To help companies plan for 2020/2021, this new report summarizes the latest adspend projections by market, media, and product vertical from WARC Data, alongside commentary from industry experts.
Findings in this report include:
- An economic recession is highly probable, likely to lead to an advertising recession.
- Major FMCG advertisers lowered advertising and marketing investment in the 2008-09 recession but it held as a share of sales revenue.
- FMCG advertising money is moving online but brand building is still important while selling via third-party retailers and not directly to customers.
- Consumers are adjusting to “living a new normal” and new buying habits may prompt permanent shifts in behavior.
Among the key takeaways are:
- Advertising investment is set to fall by 8.1 percent to $49.6 billion worldwide this year. This compares to a pre-outbreak forecast of 7.1 growth, equating to an absolute downgrade of $96.4 billion.
- This year’s downturn will be softer than in 2009, when the ad market fell by 12.7 percent ($60.5 billion). Among the reasons for this are the US presidential elections this year, stronger-than-expected first-quarter results, and a more established online sector – particularly within e-commerce.
- Almost all product sectors will record a decline in ad investment this year. The most severe falls will be recorded among travel & tourism (by 31.2 percent), leisure & entertainment (by 28.7 percent), financial services (18.2 percent), retail (15.2 percent), and automotive (by 11.4 percent).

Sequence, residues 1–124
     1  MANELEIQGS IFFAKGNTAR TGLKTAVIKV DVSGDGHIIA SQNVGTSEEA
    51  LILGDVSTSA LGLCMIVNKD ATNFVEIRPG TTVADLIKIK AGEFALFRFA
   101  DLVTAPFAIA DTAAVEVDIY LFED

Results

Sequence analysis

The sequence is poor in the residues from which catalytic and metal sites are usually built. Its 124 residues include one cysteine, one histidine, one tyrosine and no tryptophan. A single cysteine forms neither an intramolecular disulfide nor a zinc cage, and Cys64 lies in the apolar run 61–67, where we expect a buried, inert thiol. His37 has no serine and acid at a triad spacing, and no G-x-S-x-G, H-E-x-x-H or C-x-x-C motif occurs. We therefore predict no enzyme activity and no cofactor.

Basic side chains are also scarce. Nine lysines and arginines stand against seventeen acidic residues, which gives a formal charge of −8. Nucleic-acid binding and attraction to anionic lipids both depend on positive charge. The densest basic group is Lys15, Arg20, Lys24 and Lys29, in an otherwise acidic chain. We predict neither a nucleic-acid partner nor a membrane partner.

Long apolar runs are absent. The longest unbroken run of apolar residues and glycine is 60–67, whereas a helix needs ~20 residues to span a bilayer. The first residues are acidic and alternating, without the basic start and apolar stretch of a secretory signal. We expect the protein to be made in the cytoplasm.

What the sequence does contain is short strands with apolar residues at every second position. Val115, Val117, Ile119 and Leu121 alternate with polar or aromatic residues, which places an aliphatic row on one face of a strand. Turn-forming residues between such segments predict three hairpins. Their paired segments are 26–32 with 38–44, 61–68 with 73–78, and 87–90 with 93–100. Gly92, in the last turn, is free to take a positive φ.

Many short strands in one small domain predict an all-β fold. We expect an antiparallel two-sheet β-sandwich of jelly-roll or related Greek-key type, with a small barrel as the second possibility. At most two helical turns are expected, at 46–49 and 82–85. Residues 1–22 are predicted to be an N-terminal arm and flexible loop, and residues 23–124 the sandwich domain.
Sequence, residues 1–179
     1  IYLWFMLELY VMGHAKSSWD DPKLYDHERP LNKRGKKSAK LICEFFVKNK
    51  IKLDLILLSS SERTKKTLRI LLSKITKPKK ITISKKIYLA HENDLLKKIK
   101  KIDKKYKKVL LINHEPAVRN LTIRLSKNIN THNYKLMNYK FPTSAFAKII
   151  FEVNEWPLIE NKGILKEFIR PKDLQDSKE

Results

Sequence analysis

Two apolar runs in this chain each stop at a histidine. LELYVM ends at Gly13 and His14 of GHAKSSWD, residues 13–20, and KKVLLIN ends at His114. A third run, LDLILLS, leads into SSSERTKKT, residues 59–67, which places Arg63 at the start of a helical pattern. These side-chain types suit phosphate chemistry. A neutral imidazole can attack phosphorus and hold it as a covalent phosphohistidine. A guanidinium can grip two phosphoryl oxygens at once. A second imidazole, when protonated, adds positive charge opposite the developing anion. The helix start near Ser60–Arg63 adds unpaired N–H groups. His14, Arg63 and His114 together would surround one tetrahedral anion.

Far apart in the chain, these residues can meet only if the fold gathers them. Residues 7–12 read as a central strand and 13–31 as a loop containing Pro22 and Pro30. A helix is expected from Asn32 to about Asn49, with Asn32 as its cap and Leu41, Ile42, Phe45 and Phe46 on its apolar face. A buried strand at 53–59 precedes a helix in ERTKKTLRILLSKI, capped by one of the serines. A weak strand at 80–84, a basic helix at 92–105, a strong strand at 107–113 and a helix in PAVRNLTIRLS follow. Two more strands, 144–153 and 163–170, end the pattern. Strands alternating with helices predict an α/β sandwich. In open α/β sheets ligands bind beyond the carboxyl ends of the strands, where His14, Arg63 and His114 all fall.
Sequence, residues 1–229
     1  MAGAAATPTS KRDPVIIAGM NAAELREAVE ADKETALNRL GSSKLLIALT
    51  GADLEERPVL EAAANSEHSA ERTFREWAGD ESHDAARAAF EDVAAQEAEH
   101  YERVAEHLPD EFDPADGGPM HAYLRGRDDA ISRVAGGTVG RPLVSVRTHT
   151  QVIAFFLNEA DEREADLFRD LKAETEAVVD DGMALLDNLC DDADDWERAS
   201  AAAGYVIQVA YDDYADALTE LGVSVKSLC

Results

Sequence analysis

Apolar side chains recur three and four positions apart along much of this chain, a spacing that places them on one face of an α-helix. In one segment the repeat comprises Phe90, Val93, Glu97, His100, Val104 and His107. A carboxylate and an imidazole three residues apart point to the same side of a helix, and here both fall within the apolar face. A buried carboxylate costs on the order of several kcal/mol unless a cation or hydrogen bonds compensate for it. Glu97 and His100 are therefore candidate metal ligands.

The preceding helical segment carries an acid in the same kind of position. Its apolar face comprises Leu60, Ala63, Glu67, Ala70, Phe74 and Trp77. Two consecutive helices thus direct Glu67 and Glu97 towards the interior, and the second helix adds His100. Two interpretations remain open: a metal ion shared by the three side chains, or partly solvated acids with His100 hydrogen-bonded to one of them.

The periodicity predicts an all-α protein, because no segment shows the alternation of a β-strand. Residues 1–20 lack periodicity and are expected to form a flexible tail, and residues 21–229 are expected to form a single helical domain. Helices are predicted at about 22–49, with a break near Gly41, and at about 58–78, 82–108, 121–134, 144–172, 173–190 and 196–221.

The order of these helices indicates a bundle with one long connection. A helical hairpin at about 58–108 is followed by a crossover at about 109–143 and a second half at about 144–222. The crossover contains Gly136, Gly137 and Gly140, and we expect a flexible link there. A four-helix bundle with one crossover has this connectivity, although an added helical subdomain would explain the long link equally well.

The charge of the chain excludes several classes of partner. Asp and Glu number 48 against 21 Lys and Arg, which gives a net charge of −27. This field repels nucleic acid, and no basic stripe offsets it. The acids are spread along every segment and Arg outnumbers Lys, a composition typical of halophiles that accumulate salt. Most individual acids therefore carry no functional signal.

- Traditional media will fare far worse than online. Investment is set to fall by 16.3 percent ($51.4 billion) this year, with the biggest decline to happen for cinema, by 31.6 percent.
- Internet advertising is set to record mild growth this year of 0.6 percent at a global level, though several key markets will witness a fall. Social media is expected to grow 9.8 percent, although online classified — particularly recruitment — is set to fall by 10.3 percent.
- A recovery is forecasted for 2021 by 4.9 percent. This will still leave the value of global ad trade $21.9 billion lower than its 2019 peak. Ad investment would need to rise by 3.7 percent in 2022 to complete the recovery fully.